McFarland, 512 U.S. at 856; see also United States v.
Thomas, 221 F.3d 430, 437 (3d Cir. 2000); Siers v. Ryan,
773 F.3d 37, 45 (3d Cir. 1985), cert. denied, 490 U.S. 1025.
B. Petitioner's claim
Petitioner contends that he is entitled to habeas relief under
§ 2241, because he cannot meet the gatekeeping provisions of §
2255, which prohibits second or successive motions except under
As noted by the Court of Appeals for the Third Circuit in In
re Dorsainvil, 119 F.3d 245, 249 (3d Cir. 1997), a § 2255 motion
filed in the district of conviction, has been the "usual avenue"
for federal prisoners seeking to challenge the legality of their
confinement. See also Okereke v. United States, 307 F.3d 117,
120 (3d Cir. 2002); United States v. Walker, 980 F.Supp. 144, 145-46 (E.D. Pa. 1997) (challenges to a sentence as imposed
should be brought under § 2255, while challenges to the manner in
which a sentence is executed should be brought under § 2241, in
the district of confinement).
Section 2255, however, contains a safety valve where "it
appears that the remedy by motion is inadequate or ineffective to
test the legality of [Petitioner's] detention." In Dorsainvil,
the Third Circuit held that the remedy provided by § 2255 is
"inadequate or ineffective," permitting resort to § 2241 (a
statute without timeliness or successive petition limitations),
where a prisoner who previously had filed a § 2255 motion on
other grounds "had no earlier opportunity to challenge his
conviction for a crime that an intervening change in substantive
law may negate." 119 F.3d at 251. The court emphasized, however,
that its holding was not intended to suggest that § 2255 would be
considered "inadequate or ineffective" merely because a
petitioner is unable to meet the stringent limitations or
gatekeeping requirements of § 2255. Id. To the contrary, the
court was persuaded that § 2255 was "inadequate or ineffective"
in the unusual circumstances presented in Dorsainvil because it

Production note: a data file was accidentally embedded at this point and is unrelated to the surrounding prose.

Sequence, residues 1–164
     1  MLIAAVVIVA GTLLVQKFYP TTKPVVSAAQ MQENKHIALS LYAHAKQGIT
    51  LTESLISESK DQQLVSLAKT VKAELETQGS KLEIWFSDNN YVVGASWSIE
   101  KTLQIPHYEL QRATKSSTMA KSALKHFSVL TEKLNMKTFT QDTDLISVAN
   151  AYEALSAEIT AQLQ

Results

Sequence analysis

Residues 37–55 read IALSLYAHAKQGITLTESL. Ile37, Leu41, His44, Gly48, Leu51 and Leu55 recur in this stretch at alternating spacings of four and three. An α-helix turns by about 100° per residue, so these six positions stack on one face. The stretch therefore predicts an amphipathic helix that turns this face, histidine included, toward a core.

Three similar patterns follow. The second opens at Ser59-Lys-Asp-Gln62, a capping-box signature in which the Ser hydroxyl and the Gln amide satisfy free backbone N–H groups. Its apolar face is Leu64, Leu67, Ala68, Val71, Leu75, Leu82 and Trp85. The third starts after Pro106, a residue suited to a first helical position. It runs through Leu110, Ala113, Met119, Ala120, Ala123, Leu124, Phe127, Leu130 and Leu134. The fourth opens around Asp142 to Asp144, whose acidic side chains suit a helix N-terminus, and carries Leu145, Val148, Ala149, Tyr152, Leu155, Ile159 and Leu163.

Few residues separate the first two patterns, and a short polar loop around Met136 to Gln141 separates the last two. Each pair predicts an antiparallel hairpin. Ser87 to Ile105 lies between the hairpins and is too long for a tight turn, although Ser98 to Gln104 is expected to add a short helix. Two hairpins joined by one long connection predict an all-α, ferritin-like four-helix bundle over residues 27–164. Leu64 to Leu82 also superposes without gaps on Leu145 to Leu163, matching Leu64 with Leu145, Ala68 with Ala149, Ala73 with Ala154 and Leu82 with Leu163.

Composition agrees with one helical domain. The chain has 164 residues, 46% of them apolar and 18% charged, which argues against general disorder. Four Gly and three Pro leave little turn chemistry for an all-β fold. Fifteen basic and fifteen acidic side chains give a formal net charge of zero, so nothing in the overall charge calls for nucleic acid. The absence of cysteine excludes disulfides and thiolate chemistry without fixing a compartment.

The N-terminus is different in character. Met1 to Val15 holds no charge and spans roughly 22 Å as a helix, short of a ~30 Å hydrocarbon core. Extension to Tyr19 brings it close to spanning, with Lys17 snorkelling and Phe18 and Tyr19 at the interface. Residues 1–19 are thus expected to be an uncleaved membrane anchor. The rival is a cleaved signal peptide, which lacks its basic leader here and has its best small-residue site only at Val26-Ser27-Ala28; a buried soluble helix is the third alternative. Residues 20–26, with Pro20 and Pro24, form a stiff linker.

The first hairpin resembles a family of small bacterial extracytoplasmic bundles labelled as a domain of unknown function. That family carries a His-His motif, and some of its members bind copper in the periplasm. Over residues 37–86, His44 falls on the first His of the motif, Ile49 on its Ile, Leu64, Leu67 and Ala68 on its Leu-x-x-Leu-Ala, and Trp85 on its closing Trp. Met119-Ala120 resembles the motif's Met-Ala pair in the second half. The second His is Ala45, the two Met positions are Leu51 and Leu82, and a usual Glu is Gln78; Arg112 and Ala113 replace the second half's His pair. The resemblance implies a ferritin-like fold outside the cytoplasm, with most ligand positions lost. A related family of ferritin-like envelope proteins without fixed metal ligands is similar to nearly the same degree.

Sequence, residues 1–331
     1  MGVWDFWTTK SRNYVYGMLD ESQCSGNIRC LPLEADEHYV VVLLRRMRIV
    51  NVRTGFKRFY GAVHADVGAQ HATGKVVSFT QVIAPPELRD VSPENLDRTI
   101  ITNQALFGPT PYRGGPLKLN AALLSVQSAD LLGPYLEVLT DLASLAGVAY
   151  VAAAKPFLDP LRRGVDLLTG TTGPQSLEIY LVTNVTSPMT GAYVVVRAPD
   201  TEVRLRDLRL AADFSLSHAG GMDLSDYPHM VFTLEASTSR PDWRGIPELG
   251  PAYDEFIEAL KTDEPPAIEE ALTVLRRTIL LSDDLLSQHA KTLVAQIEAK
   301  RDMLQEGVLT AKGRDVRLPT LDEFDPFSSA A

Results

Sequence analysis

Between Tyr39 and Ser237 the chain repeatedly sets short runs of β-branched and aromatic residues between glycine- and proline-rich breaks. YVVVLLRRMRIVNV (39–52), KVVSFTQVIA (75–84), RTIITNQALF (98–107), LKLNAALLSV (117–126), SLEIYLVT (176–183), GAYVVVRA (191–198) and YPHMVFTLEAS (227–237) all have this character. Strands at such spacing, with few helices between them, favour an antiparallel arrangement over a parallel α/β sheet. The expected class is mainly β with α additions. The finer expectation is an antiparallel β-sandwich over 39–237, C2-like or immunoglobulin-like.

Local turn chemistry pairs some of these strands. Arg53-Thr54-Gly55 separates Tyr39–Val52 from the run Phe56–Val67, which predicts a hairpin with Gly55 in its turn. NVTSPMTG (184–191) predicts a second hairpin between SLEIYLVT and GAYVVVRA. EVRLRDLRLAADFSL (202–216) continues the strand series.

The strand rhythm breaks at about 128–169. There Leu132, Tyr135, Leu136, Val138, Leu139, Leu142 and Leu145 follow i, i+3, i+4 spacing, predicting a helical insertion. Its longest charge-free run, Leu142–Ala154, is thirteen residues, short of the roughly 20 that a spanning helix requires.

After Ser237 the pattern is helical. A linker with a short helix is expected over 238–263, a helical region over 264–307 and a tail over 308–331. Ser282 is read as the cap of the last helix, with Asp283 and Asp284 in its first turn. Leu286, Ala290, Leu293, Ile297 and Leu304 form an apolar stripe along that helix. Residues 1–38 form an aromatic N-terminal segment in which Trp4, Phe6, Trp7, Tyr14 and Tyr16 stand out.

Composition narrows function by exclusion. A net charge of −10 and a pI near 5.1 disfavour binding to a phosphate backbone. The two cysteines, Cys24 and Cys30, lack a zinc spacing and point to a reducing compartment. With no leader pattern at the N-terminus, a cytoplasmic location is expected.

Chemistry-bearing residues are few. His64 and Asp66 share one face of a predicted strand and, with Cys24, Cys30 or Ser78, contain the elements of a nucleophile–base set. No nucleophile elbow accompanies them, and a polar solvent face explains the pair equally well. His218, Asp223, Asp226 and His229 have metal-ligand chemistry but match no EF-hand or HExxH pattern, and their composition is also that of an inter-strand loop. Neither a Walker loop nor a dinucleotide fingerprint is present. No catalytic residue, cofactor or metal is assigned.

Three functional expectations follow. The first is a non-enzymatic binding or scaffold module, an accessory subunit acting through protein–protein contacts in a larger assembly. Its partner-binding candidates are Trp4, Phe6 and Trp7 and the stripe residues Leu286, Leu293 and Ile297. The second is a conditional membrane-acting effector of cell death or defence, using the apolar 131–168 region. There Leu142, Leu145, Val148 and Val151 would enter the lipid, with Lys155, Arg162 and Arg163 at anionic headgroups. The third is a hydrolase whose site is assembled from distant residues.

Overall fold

would have been a complete miscarriage of justice to confine a
prisoner for conduct that, based upon an intervening
interpretation of the statute of conviction by the United States Supreme Court, may not have been criminal conduct at all. Id.
Petitioner's inability to meet the gatekeeping requirements of
§ 2255 does not render it an inadequate or ineffective remedy
with respect to the claims asserted in this Petition. To the
contrary, Petitioner presented to the sentencing court, and the
Court of Appeals for the Fourth Circuit, the very claim he
asserts here. Accordingly, the Petition must be construed as a
motion to vacate, set aside, or correct sentence under
28 U.S.C. § 2255,*fn3 which must be filed in the district of
conviction, and over which this Court lacks jurisdiction.
Whenever a civil action is filed in a court that lacks
jurisdiction, "the court shall, if it is in the interest of
justice, transfer such action . . . to any other such court in
which the action . . . could have been brought at the time it was
filed." 28 U.S.C. § 1631. A second or successive § 2255 motion may be brought in the district of conviction only if the
applicable Court of Appeals has authorized such filing.
28 U.S.C. § 2244.
It does not appear that it would be in the interest of justice
to transfer this Petition to the Court of Appeals for the Fourth
Circuit, as it has addressed this very claim previously and found
For the reasons set forth above, the Petition will be dismissed
without prejudice for lack of jurisdiction.
© 1992-2005 VersusLaw Inc.